Jasmine caught my arm and pulled me behind the caravan. She looked ... flushed, although I wasn’t sure why. Embarrassment I’d saved her? Or ... I gritted my teeth, unwilling to entertain the thought of her family blaming her for being groped. I’d seen that before, in too many countries to mention. And ... I still wasn’t sure why she hadn’t saved herself. The knights hadn’t posed any kind of threat to her. She could have blasted them all before they could react, let alone lash out or run.

“Thanks.” Jasmine’s hands twisted for a long moment. “I ...”

I took the plunge. “Why didn’t you save yourself?”

“There are agreements,” Jasmine said. “I could ... I could have handled it. I could have dealt with them. I could have ... I could have handled them in ways that wouldn’t bring a world of trouble down on our heads. But ... I couldn’t do anything overt.”

I reminded myself, sharply, that this was a very different world. The Diddakoi paid a price for their freedom to roam where they willed. And yet ... it was hard to accept I might have done the wrong thing.

“There are hexes of permanent impotence,” Jasmine was saying. I barely heard her. “Or other spells, all of which ...”

“I’m sorry,” I said, although it wasn’t really true. There was no point in begging to be allowed to stay. My presence was a liability now. The Diddakoi would have to swear blind the knights had allowed them to pass, then met their fate later on. I supposed it would be easy enough. The local warlord might not even realise just what had killed his men. Even if he knew about gunpowder and muskets, my gun was from a whole other world. “I ...”

I wanted to ask her to come with me, but I had the feeling it would be pointless. Jasmine was going to go back to school, leaving her people alone. Unprotected. I supposed there might be a reason she had so much freedom ... I shook my head, trying to put the amateur speculation aside. This society had magic. There was no reason to assume it had evolved along similar lines to my own and plenty of reasons to suspect otherwise. How did society cope with some of its people were effectively weapons of mass destruction?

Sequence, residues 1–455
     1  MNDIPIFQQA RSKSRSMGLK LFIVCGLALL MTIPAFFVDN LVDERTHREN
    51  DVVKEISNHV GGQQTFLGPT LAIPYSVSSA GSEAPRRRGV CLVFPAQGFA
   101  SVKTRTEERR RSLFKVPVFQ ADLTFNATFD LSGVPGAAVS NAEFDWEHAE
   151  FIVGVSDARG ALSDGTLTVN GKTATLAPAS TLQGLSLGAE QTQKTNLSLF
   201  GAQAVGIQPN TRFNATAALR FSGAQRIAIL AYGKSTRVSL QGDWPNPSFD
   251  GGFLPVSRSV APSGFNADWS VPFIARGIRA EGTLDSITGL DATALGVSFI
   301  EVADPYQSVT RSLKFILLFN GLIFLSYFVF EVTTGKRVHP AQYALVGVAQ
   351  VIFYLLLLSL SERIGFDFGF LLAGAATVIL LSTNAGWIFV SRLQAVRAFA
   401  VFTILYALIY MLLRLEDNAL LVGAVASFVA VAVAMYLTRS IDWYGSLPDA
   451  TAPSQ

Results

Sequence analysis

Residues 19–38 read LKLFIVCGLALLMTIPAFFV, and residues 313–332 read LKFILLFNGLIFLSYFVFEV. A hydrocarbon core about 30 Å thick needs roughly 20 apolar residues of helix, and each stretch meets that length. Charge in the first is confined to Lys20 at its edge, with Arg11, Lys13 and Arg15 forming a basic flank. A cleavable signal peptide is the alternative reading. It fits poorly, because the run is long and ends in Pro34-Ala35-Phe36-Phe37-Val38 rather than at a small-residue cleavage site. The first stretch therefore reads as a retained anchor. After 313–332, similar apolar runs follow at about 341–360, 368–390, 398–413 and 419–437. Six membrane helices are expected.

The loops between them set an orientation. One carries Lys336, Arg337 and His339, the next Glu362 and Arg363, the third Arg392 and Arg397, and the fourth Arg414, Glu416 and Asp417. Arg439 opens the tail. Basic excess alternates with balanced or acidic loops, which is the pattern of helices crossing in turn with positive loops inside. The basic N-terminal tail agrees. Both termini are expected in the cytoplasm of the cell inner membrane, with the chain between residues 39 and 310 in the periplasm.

Jasmine held up a hand, then scrambled into the caravan and started to rattle through her drawers. I waited, silently cataloguing what I’d kept with me. Perhaps I could sell some of it for ready cash ... I had a bunch of concepts I could sell for money, even if there was someone else who’d snapped up the low-hanging fruit, but getting them into production wasn’t going to be easy. I didn’t even know enough to determine where best to start. God knew there’d been plenty of busybodies, from the temperance and porridge women to civil affairs officers and social justice warriors, who hadn’t even bothered to ask why things were the way they were before trying to change them. I’d hated that sort of arrogance when I was a kid. And here, trying to meddle too much might end with my death.

“Here.” Jasmine returned, carrying a small glass vial. “Regeneration potion. It’s tricky to make and pretty expensive, particularly as it isn’t tuned to a single person. Drink it in a single swallow and it’ll repair anything that doesn’t kill you outright. Once. Don’t try to dilute it. You might be able to sell it, if you’re desperate, but make sure you drive a hard bargain. You’ll only be able to sell it once.”

I swallowed. I’d done a little buying in the marketplace, back in Damansara, but it hadn’t been easy to work out how much things cost. Prices had been very variable, certainly outside the basics like food, drink and clothing. “How much should I charge?”

“As much as the market will bear.” Jasmine’s voice was serious. Very serious. “I could never have paid for the ingredients myself. I had to brew the cauldron at Whitehall and I was lucky to be allowed to keep a couple of vials. I was ...”

She shook her head. “If someone is seriously ill, the potion might save their life. But if they’re desperate, they might try to take it.”

“I understand.” I had the sudden feeling she’d given me something everyone would want to steal. She might as well have given me a gold ingot to put in my pocket. The ingot might have been safer. “Do you ... do you not need it for yourself?”

Jasmine smiled. “I can handle most things without it,” she said, with a hint of pride. “I was going to be a healer. If it wasn’t for ...”

Her voice trailed off. I found it hard to look at her. Jasmine’s smile was so bright it was otherworldly, as if I was unworthy to so much as glance at her. It was suddenly very hard to even stand so close to her. Jasmine dropped down from the caravan and stood next to me. She barely came up to my shoulder, yet she seemed taller. A crude joke ran through my head, only to be instantly dismissed. She was something ... different.